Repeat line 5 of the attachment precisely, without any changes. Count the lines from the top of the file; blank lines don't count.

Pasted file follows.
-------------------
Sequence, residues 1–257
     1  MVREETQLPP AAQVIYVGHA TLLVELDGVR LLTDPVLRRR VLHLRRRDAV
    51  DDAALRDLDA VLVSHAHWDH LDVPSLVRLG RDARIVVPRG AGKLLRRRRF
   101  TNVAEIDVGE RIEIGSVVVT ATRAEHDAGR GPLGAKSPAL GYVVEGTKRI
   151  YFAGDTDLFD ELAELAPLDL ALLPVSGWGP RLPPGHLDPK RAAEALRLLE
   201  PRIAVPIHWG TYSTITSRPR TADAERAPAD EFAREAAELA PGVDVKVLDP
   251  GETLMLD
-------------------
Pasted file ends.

   151  YFAGDTDLFD ELAELAPLDL ALLPVSGWGP RLPPGHLDPK RAAEALRLLE